“What Exelon has done has really only been driven by state policy,” he said. “They have less than 3% efficiency and less than 3% renewables in their retail electric sales. In fact, they’re doing a lot less than even Pepco. Pepco has more than 3% of its retail sales as renewable energy.”
Consolidation breeds contempt
Critics of the merger have raised concerns about the effects of energy market consolidation. As Judson points out, a post-merger Exelon would be the largest utility in the country, all in the PJM Interconnection.
Sherrod says anti-competitive concerns are overblown because Pepco owns no generation.
“This merger will not affect competition and will not reduce [customers’] opportunities to choose who they receive their electricity from,” she said. “Pepco is a deliverer of electricity so what they do in their territory is deliver the electricity. That doesn’t change.”
Opponents aren’t so sure. They worry that Exelon’s size will let it have an outsized impact on rulemaking in PJM and the states in which it operates.
“The way these markets are run … is through a stakeholder process where the PJM board takes the input of the various companies and stakeholders that participate in the market,” Judson said. “If Exelon accomplishes this merger, Pepco will no longer be an independent entity with a voice in those discussions, and Exelon will be consuming a lot more air in the room.”
Policymaking on the state level presents similar issues to Slocum. He says that if the merger is approved, Exelon will control 85% of the electricity system in Maryland, putting them in a position to “exert significant political and economic influence.”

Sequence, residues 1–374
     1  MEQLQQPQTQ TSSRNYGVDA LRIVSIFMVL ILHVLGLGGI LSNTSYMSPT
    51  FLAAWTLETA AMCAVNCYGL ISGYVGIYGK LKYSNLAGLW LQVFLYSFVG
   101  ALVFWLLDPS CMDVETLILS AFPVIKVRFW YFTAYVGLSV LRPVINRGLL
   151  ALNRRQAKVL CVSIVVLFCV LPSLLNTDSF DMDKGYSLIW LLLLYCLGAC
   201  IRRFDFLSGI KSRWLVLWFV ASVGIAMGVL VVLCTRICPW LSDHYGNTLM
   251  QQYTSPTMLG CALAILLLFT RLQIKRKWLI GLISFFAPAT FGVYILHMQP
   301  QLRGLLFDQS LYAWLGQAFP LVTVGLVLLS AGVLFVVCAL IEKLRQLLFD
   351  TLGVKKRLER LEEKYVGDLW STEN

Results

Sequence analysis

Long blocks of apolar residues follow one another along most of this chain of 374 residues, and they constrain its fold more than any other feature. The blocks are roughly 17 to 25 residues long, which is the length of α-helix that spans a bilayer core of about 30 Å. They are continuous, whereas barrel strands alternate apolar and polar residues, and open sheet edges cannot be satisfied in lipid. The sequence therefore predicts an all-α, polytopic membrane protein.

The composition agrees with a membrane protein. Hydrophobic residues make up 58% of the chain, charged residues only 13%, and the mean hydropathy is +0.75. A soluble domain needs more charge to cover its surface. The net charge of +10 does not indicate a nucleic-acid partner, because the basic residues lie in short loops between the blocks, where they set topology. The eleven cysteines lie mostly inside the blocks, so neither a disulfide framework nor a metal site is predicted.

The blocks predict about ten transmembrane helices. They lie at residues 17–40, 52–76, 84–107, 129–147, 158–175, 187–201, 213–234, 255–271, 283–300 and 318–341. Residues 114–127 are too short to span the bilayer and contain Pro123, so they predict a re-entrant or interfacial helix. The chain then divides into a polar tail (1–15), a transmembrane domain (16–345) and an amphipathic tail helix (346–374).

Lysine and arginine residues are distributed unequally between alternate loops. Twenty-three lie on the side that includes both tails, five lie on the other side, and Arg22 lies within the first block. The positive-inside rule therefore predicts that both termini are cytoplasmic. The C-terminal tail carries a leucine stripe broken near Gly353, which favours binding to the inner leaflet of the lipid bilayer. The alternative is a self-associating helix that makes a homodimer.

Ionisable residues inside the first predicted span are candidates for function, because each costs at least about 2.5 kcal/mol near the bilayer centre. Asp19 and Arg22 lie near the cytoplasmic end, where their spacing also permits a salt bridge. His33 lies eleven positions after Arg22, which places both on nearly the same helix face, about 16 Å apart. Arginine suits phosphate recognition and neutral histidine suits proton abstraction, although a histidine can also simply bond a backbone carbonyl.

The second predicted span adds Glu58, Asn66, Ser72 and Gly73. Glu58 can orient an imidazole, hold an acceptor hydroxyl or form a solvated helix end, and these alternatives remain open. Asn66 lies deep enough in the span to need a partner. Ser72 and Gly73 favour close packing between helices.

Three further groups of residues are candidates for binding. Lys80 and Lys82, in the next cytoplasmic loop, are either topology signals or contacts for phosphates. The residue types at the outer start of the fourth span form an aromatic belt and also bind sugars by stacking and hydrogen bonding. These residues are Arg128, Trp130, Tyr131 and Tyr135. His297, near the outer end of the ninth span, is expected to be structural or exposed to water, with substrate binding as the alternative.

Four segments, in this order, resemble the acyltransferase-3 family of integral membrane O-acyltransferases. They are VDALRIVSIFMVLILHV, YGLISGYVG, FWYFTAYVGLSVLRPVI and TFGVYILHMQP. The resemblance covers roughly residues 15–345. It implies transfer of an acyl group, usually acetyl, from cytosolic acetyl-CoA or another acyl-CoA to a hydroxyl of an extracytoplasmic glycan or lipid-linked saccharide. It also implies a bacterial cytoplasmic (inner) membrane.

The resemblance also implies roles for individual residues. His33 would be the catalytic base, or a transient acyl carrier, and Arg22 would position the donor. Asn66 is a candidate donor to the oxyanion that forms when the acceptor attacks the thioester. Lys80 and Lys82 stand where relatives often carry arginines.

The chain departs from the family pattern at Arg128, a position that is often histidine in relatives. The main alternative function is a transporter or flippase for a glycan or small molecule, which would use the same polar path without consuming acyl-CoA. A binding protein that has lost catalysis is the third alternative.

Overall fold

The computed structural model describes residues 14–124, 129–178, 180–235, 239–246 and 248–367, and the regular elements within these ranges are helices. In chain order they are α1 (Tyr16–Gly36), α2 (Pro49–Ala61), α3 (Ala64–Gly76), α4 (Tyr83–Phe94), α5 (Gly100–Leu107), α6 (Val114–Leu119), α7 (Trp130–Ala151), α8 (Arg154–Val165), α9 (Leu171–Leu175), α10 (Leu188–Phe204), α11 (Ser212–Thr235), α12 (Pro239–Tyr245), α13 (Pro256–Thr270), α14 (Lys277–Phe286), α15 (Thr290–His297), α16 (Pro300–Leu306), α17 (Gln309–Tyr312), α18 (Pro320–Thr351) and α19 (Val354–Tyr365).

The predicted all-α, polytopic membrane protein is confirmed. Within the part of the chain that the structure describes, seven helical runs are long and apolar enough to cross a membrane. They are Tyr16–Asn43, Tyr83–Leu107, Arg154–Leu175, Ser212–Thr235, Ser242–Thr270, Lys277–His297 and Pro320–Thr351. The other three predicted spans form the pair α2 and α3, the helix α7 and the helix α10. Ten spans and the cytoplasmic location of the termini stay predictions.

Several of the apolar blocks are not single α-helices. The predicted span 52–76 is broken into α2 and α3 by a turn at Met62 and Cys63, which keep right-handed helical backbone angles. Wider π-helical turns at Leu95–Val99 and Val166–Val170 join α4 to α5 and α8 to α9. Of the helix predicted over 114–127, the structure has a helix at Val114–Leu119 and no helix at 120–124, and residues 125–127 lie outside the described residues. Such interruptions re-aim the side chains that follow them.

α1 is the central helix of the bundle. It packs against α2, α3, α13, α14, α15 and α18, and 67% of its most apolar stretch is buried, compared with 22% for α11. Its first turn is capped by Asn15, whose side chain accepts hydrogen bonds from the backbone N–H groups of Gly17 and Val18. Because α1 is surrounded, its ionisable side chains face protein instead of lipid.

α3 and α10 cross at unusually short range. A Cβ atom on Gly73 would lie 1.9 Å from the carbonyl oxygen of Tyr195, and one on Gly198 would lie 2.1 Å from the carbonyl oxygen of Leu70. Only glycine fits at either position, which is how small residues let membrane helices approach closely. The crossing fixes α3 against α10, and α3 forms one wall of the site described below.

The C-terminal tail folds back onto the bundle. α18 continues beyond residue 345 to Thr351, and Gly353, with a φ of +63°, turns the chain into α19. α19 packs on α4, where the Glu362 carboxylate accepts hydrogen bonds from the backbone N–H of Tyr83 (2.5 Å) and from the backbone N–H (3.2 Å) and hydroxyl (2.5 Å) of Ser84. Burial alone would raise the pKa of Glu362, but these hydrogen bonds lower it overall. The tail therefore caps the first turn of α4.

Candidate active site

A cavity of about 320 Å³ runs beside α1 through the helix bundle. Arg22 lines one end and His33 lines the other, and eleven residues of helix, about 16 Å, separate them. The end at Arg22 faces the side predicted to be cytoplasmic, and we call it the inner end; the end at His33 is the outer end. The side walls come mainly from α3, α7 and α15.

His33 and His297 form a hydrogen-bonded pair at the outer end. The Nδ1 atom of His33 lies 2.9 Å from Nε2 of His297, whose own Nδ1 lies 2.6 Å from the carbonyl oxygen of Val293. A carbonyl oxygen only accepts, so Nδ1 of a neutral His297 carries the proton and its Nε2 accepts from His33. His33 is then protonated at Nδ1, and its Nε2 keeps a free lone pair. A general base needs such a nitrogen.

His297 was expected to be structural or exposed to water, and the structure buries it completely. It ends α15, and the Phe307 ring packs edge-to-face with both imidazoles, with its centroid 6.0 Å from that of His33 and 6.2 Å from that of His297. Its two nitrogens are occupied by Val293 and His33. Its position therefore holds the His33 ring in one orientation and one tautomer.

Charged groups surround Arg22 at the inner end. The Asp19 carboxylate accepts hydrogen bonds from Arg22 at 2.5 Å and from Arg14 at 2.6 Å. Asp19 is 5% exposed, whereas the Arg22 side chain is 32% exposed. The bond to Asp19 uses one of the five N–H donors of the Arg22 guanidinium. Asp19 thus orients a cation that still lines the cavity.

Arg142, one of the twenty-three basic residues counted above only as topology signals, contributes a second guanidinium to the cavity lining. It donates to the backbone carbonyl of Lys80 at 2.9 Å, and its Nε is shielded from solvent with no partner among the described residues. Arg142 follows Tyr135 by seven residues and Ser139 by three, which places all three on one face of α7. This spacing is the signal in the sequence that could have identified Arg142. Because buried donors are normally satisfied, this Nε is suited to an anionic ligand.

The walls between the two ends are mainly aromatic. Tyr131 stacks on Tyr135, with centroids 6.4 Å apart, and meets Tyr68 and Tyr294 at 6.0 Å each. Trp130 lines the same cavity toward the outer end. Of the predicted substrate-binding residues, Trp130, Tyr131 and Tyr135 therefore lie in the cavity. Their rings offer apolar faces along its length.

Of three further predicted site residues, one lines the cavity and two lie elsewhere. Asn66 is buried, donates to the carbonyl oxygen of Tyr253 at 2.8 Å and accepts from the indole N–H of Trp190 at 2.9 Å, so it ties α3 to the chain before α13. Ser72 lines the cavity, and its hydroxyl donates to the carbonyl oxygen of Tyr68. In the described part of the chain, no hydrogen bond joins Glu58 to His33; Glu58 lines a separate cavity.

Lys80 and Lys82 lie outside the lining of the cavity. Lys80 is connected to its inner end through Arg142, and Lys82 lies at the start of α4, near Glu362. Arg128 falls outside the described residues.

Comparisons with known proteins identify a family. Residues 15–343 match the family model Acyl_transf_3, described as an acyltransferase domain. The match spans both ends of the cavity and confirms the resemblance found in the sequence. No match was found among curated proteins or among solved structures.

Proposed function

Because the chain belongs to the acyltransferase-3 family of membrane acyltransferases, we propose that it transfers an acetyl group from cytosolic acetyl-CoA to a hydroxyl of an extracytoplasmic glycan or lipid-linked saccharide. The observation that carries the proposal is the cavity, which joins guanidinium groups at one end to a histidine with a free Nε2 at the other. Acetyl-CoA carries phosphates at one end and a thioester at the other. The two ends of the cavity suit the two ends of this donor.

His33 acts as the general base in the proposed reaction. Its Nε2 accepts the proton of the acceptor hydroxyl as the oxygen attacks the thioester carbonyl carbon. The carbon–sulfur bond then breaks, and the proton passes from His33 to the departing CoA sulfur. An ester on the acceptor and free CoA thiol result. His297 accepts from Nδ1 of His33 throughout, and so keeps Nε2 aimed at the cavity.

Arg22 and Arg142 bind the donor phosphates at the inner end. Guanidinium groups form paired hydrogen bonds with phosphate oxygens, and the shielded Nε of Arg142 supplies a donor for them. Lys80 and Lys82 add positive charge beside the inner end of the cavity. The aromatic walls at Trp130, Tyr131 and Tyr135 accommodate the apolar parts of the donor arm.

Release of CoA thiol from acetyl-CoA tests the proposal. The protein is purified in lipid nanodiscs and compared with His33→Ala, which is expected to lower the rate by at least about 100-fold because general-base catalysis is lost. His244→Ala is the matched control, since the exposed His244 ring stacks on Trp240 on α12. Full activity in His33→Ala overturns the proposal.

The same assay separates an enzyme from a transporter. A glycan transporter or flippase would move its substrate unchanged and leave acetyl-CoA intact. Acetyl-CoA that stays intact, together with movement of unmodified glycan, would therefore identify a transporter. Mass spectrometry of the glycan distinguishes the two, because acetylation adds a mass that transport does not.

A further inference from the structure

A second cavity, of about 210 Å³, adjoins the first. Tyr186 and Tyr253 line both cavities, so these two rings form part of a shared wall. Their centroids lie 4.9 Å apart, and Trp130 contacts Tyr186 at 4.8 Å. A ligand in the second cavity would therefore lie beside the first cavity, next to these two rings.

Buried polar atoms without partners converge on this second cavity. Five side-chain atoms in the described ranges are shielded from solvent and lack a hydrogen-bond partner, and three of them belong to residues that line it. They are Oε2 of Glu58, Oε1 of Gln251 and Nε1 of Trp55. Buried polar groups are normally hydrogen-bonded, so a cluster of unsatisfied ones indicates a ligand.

The same would be true in D.C., where Exelon would have a complete monopoly. Slocum says that while Pepco is the sole utility for the District today, Exelon’s business model makes a difference.
“Now you have an entity that will not only control the distributional delivery of electricity but also controls by far the largest amount of wholesale electricity sales in the region,” he said. “And so you’ve got regional consolidation as well as political consolidation, and that’s a problem.”
For Sherrod, consolidation matters little for a utility with a service area spread over multiple states. Regulators in D.C., Maryland, New Jersey and elsewhere would all have oversight over Exelon subsidiaries.
“On competition issue, I think the regulatory framework is strong and supports and reinforces and mitigates any concerns that people will have from that aspect,” she said.
A deeper problem with the consolidation, activists say, is that it would expose Pepco ratepayers to the financial risks of Exelon’s generation portfolio. The Chicago utility is currently lobbying the legislatures in New York and Illinois to guarantee income from nuclear power plants it says would otherwise be unprofitable.
“[If] Exelon formulates a plan to set up a subsidy situation like they’ve proposed in Illinois … Pepco is going to be a cheerleader for that because Pepco is part of the Exelon family if this merger goes through,” Slocum said. “That places ratepayers directly at risk.”
In fact, many critics say the reason Exelon sought to acquire Pepco in the first place is to mitigate for a risky generation portfolio filled with unprofitable nuclear plants. Adding nearly 2 million ratepayers to the company, the logic goes, goes a long way to making Exelon’s books look more balanced.
“They’ve got serious problems with the performance of their business right now essentially because of the financial problems plaguing their nuclear fleet,” Judson said. “They’ve talked openly about the purpose of this merger really being to derive other sources of revenue, and we think this exposes D.C. ratepayers to really a risk they haven’t been exposed to before.”
“They will have to be responsible for paying for these old nuclear plants,” he said.
Sherrod says the risk argument is a red herring. Exelon, she said, has proposed a mechanism in its application called “ring fencing” to shield D.C. residents from any risk associated with its nuclear plants. As the name suggests, "ring fencing" legally walls off the assets of a subsidiary from its parent company and its businesses. Sherrod says Exelon used the provisions successfully to protect Constellation customers when Exelon bought the company.